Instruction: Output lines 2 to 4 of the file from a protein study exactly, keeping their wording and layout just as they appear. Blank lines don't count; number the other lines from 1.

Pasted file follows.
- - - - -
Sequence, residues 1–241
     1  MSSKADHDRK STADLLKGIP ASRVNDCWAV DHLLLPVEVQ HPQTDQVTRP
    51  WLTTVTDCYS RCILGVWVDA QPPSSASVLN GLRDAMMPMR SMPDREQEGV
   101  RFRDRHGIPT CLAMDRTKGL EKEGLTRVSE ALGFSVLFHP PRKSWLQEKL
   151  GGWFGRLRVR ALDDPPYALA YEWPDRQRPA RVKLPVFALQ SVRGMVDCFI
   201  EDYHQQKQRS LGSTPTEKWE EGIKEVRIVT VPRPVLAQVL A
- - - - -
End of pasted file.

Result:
     1  MSSKADHDRK STADLLKGIP ASRVNDCWAV DHLLLPVEVQ HPQTDQVTRP
    51  WLTTVTDCYS RCILGVWVDA QPPSSASVLN GLRDAMMPMR SMPDREQEGV
   101  RFRDRHGIPT CLAMDRTKGL EKEGLTRVSE ALGFSVLFHP PRKSWLQEKL